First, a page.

Aviation of World War II
Me 264. The Luftwaffe's Lost Transatlantic Bomber.
Me 264 V1. On the cold, winter day of 23 December 1942, the Messerschmitt Me 264, V 1, W.Nr. 26400001, coded RE+EN, was rolled out of its hangar at Augsburg ready for its maiden flight. The aircraft, weighing 21,175 kg, was fitted with four 12-cylinder, liquid-cooled Junkers Jumo 211 J-1 engines, the same as those used on the Junkers Ju 88 A-4, together with Ju 88 nacelles and radiators, but carried no armament or gun turrets. The flight-test programme was under the overall control of Dipl.-Ing. Gerhard Caroli and the pilot was Hugkapitau Dipl.-Ing. Karl Baur, one of Messerschmitt's most experienced test-pilots who had been closely involved with the Me 264 since construction of the V 1 prototype had first started.
As a first stage, the aircraft underwent an extensive taxiing test, before moving to the start line on the runway. Take-off was trouble-free, although because of some safety concerns, the landing gear was left down for the duration of the flight.
A Messerschmitt drawing dated 10 December 1942 showing the fuel tank layout in the port wing of the Me 264. The combined weight of all nine tanks in each wing was 9,740 kg.
Me 264 V3. 'Sonderaufklärer' As is evident from surviving Messerschmitt records, Karl Seifert continued to struggle with the issue of range and ever-increasing weight. On 10 February 1945, he prepared a revised specification and weight assessment for the 'Sonderaufklarer' variant of the Me 264. This variant was to be powered by four BMW 801 G engines, with GM 1 nitrous oxide power boost for 25 minutes duration, to carry three RB 50/30 cameras and to be able to accommodate 12 troops or passengers. Armament was to consist ot one Arado-built FPL 151 gun turret with a PVE 6 periscopic sight and an MG 131 in a DL (Drehlafette - rotating gun mount) 131 turret.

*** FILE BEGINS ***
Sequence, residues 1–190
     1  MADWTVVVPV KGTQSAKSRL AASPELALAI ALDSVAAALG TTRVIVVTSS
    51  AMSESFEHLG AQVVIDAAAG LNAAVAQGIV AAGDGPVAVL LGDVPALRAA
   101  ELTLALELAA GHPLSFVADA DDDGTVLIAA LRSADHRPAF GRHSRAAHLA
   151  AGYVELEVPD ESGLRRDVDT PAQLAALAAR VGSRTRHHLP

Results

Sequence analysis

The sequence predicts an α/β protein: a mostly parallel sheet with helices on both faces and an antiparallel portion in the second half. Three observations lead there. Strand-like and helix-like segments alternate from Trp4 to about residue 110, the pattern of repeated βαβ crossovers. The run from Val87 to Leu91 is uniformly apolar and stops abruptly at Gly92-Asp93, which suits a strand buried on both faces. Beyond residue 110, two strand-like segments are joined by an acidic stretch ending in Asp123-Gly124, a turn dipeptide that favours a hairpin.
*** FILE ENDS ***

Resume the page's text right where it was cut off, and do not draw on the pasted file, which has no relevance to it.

Range was projected at 13,000 km with small external tanks and up to 15,200 km with larger auxiliary tanks. Flight duration was calculated at 42 hours or 47 hours depending on the type of external tank carried, with speed at 6,000 metres being 410 km/h.The aircraft would require a take-off distance of up to 3,600 metres without RATO units, or 2,050 metres with RATO units fitted.
Engines (BMW 801 TC), propellers, GM-1 power boost, and associated equipment: 10,103 kg
Ancillary equipment, engine controls, navigational equipment, hydraulics etc 1,614 kg
Seifert then calculated three overall weight options allowing for different fuel loads:
C) With heavier jettisonable undercarriage (total six wheels, two fixed, four jettisonable)
During March 1944, the Allied air forces inflicted damage on the Me 264 programme and also gained vital information on the very existence of the 'Sudeten'. On the 18th, B-17 Flying Fortresses of the USAAF Eighth Air Force's 1st Bomb Division attacked a snow-covered Lechfeld as part of a concerted strike against a number of airfields in southern Germany. The Me 264V 1 was slightly damaged as a result of the raid, but it was repaired quickly. As far as is known, the uncompleted V 2 and V 3 airframes were undamaged. However, at some stage after the attack, it was decided to move the still uncompleted V 2 and V 3 north to the so-called 'Metallbau Offingen', a small production facility in the village of Offingen near Gunzburg, to the east of Neu-Ulm, where bomb bays and armament were to be installed. The move was also made to alleviate the increasing production bottlenecks affecting construction of the Me 262.